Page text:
Do I Have an Eating Disorder?

Eating disorders are group of complex mental illnesses.  Anyone, regardless of their age, gender, sexuality or background, can potentially develop an eating disorder. 

Some examples of eating disorders include bulimia, binge eating disorder (BED), and anorexia. There’s no one single cause and people might not have all symptoms for anyone eating disorder. 

Many people are diagnosed with “other specified feeding or eating disorder” (OSFED), which means that their symptoms don’t exactly match what doctors check for to diagnose binge eating disorder, anorexia, or bulimia, but doesn’t mean that it’s still not serious.  It’s also possible for someone’s symptoms, and therefore their diagnosis, to change over a period of time.  For example, someone could have anorexia, but their symptoms could later change so that a diagnosis of bulimia would be more appropriate.

Could you have an eating disorder?

If until now, you haven’t had any reason to know much about eating disorders, it may well be that your understanding of them is based on the way they are portrayed in the media, for example. 

This often portrays a particular type of ‘story’ in terms of who gets eating disorders, what causes them, and what the symptoms are.  This doesn’t necessarily reflect the full spectrum of eating disorders and people who can develop them.

  • Statistics suggest that people with eating disorders are predominately 60% female and 40% male. With more women seeking help than men, because men perceive them as solely female issues.
  • The average age of people are roughly aged 35 and over. They’ve been “serial dieters” over the years, losing and gaining weight. Restricting food groups and on the constant look out for the latest diet, which claims you “Can you lose 30lbs by doing x, y and z”
  • Stereotypes about who gets eating disorders might make them even harder to spot among older people, men and boys, and ethnic and cultural minority groups. The real number of sufferers overall could be much higher than we think, but particularly among groups like these.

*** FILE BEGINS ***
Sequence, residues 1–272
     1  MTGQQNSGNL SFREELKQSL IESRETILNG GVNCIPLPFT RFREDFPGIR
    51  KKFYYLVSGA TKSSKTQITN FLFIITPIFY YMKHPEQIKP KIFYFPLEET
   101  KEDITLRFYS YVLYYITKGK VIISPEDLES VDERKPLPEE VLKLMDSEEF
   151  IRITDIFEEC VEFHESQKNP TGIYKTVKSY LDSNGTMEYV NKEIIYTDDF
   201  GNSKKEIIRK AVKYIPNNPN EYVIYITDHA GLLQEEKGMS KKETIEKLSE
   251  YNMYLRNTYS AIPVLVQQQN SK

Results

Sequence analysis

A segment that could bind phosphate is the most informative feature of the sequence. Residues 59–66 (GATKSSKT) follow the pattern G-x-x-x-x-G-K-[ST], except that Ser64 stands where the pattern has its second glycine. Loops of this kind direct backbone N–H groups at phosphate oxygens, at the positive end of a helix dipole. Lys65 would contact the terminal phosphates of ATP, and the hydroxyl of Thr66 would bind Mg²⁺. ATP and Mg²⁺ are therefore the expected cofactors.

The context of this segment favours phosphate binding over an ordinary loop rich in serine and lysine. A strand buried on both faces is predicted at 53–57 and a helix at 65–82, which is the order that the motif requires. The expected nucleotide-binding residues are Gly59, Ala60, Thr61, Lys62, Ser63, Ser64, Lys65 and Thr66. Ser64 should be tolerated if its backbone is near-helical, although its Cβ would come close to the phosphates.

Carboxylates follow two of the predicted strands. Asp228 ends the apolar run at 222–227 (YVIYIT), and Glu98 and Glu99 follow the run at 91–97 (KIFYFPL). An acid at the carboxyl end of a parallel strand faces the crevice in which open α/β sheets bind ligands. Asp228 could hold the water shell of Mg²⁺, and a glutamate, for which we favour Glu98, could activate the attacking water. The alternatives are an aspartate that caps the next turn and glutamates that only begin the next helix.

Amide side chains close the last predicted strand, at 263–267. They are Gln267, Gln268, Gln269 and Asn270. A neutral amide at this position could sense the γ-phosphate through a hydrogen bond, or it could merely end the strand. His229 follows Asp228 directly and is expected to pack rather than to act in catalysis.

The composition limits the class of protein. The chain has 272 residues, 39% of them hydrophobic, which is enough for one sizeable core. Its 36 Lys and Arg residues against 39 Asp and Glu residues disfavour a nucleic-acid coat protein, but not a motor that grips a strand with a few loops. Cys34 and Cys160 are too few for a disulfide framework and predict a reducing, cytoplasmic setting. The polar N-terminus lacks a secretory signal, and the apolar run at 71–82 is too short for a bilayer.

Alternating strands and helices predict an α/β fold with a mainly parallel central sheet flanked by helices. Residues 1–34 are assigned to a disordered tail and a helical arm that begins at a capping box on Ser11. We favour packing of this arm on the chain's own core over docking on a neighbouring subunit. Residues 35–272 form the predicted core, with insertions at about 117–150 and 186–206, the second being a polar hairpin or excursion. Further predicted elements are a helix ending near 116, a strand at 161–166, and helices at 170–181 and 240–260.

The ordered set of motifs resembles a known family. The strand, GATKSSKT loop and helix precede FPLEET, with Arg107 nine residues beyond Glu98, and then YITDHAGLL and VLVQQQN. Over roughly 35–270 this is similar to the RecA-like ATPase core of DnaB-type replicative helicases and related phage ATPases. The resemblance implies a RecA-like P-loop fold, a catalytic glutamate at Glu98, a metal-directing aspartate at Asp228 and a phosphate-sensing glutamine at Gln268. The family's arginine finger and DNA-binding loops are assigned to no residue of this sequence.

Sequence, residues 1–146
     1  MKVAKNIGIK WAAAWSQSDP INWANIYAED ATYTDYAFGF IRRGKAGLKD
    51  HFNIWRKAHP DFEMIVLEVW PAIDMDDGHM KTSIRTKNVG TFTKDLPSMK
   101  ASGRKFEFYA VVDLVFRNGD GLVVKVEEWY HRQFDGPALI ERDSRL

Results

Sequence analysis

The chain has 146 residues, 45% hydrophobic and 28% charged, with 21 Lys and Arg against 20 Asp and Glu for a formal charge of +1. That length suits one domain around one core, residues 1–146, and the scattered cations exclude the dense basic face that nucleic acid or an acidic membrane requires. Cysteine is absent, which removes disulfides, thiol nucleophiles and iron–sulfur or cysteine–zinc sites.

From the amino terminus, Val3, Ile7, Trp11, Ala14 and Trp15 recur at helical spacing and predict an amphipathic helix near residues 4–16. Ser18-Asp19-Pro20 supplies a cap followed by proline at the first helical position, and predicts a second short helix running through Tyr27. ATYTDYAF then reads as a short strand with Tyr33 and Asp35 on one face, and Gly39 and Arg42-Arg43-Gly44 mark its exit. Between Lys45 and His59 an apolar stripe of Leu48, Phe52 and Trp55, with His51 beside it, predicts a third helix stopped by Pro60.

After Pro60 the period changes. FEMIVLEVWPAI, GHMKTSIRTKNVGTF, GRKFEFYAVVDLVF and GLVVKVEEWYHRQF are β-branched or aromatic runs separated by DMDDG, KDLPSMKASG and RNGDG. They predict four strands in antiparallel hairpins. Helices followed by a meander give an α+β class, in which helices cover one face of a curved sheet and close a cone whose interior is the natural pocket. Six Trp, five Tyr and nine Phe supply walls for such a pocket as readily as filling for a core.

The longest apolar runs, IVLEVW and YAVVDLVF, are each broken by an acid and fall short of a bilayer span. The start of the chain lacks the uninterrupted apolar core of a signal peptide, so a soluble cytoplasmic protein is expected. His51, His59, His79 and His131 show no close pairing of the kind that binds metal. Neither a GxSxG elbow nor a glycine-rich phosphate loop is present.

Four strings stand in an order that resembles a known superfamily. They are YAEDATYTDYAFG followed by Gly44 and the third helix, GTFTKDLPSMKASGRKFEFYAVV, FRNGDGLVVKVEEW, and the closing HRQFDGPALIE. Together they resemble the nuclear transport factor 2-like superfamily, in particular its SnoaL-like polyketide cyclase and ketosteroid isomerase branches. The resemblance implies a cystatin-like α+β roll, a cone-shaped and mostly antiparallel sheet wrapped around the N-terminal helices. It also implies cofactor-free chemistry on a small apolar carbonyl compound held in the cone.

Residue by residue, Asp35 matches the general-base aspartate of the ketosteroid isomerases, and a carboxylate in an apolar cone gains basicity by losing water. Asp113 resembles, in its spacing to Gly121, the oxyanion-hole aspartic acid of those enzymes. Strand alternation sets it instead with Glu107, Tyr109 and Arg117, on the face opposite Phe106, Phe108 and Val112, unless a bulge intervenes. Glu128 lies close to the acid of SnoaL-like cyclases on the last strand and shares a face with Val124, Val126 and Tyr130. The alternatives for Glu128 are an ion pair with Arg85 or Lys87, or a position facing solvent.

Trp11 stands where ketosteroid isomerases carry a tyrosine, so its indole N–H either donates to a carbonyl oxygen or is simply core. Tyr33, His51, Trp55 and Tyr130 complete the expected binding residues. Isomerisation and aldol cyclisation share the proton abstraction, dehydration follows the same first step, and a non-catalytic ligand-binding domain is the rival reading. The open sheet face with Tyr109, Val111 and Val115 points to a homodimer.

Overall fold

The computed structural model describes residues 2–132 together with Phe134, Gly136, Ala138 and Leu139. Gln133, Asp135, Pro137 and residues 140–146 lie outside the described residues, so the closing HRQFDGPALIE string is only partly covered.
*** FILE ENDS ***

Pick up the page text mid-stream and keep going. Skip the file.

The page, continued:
Your circumstances, feelings, and symptoms may be very different to what you’ve seen or read about, but that doesn’t mean you can’t have an eating disorder.  The way eating disorders present themselves can hugely vary from one person to another. This means eating disorders can be difficult to identify, and often those suffering can appear ‘healthy’ and of ‘normal weight’ despite being unwell. 

If you think you might be experiencing problems with your eating or feel that difficult feelings or situations are making you change your eating habits or feel differently about food, you could have an eating disorder or be developing one.

If you’re at all worried about yourself or even someone else close to you, it’s always advisable to seek help as quickly as possible, as this facilitates the greatest chance of a full recovery.

Eating disorders can be a way of coping with “feelings or situations” that are making you unhappy, angry, depressed, stressed, or anxious. 

They are not your fault, and no one chooses to have an eating disorder. 

Maybe you’re worried about talking to someone about this because you feel that your eating disorder isn’t serious enough, you don’t want to worry people or waste their time, or because you feel guilty, embarrassed or ashamed. But, this is all normal. 

No matter whether your eating difficulties began recently, or you’ve been struggling for a while, or you were treated for an eating disorder in the past that you think might be coming back, you deserve to have your concerns acknowledged respectfully, to be taken seriously and to be supported in the same way as if you were affected by any other illness.